A matchmaker is an individual who chooses a mate for you. At first this may seem "old world," but a matchmaker is a highly effective and efficient process for entrepreneurs.
Pros: Time-saver for constrained, busy entrepreneurs. Discreet, highly personal, focused exclusively on you. A good matchmaker knows your individual preferences and personality. They will help you move outside your social or work circles, meeting individuals you might never have come across otherwise.
Cons: There are numerous "mom and pop" matchmakers who don’t have a clear process or who are in it because friends said they were good at fixing people up. Look for a professional who is accredited by the Better Business Bureau. Get extensive referrals.
The Personal Recruiter
Personal recruiting services are matchmakers who approach the process as an executive recruiter. They combine the same careful vetting processes used by recruiters to fill top level executive positions with the art of matchmaking.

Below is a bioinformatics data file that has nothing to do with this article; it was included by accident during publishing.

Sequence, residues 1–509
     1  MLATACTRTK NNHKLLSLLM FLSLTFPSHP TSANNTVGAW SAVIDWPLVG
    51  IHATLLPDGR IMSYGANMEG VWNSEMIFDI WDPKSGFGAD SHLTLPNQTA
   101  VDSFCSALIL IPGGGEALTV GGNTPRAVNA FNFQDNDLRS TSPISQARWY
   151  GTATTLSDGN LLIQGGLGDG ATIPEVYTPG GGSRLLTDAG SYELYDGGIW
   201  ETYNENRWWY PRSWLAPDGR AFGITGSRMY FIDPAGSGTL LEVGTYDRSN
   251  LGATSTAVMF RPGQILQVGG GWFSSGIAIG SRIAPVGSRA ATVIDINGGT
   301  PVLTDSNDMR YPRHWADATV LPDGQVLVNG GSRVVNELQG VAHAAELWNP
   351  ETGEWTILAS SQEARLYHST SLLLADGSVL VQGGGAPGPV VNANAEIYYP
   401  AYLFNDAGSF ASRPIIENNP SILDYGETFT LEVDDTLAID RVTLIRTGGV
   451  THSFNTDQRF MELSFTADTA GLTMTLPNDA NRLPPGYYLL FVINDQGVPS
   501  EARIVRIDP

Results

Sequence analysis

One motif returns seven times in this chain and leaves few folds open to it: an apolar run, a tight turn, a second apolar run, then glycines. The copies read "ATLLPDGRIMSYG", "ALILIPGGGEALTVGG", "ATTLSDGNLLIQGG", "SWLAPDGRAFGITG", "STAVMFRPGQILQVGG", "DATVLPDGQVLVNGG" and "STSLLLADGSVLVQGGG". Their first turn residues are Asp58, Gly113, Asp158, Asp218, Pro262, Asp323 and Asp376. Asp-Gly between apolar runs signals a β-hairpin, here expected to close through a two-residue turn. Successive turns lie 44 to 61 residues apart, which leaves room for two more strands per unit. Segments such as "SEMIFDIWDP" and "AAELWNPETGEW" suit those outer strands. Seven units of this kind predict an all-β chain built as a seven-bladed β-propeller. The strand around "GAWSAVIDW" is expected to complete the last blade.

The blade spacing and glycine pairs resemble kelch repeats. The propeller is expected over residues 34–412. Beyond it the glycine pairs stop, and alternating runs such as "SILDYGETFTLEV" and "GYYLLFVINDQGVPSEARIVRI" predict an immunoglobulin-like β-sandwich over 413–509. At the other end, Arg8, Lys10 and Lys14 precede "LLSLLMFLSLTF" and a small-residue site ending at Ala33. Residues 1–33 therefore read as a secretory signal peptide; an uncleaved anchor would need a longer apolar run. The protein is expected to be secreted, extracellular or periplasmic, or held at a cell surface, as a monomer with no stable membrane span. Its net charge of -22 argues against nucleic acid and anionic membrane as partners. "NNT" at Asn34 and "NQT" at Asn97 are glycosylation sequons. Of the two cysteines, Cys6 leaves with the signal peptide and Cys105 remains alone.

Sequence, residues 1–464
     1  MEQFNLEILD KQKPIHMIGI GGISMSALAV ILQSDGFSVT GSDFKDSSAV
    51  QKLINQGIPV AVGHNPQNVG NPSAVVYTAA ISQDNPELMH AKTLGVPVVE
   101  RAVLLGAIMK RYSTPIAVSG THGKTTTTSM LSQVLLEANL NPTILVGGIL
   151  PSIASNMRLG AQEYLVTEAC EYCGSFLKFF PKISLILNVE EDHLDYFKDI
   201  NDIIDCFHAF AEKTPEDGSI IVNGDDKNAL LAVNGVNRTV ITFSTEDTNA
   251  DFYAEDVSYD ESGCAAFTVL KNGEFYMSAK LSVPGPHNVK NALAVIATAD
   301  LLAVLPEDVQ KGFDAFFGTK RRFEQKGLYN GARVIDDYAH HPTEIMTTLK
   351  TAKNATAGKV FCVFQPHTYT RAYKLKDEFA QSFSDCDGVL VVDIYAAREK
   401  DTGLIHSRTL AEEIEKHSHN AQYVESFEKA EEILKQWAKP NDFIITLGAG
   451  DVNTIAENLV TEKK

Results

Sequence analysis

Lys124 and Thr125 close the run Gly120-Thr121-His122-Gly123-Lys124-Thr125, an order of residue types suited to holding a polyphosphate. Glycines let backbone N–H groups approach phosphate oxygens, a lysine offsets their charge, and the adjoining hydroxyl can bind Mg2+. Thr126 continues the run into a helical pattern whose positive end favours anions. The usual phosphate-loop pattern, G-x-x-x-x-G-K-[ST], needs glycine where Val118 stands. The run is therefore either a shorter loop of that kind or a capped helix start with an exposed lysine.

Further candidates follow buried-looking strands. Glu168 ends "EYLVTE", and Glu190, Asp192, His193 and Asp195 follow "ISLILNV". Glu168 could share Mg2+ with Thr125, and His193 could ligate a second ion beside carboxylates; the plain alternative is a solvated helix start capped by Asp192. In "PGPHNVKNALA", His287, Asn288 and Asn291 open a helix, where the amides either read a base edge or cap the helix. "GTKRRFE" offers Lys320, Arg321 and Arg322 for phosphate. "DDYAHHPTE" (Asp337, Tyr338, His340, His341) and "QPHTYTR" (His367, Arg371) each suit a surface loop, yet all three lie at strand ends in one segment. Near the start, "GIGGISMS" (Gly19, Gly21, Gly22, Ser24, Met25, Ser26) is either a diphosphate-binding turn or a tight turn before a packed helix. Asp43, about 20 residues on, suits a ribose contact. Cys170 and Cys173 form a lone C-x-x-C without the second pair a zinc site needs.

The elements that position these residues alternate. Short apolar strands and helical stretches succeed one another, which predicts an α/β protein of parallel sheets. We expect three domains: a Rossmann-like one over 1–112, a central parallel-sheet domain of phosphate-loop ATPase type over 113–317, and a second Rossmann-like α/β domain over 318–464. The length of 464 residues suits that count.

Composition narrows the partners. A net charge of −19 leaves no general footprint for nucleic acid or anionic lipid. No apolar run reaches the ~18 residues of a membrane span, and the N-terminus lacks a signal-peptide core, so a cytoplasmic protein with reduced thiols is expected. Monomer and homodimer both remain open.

Pros: A professional vetting process eliminates time wasted on inappropriate candidates. A highly targeted approach that delivers the ROI you’re looking for. You can be introduced to the love of your life with a minimal time investment.
Cons: This is typically a more costly approach. If you are looking to feel your way around the dating process or go on lots of dates, a personal recruiter is not for you. If you’re still planning to play the field, try online dating.
Regardless of the method, be strategic in your approach. Don’t settle. Dedicate time to finding the love of your life, if that’s what you want, because he or she is out there.
10 QUESTIONS THAT DEFINE A LOVING RELATIONSHIP
If you already have a serious partner, review the following questions to determine the health of your relationship. These questions not only help us learn what to look for, but they can serve as valuable tools allowing us to focus improvements on our existing relationships.
Do you feel safe and deeply cared for? Do you get the comfort and support you need, or is it missing in action, making you feel like holding back? Do you feel like a "sensitivity chip" is missing?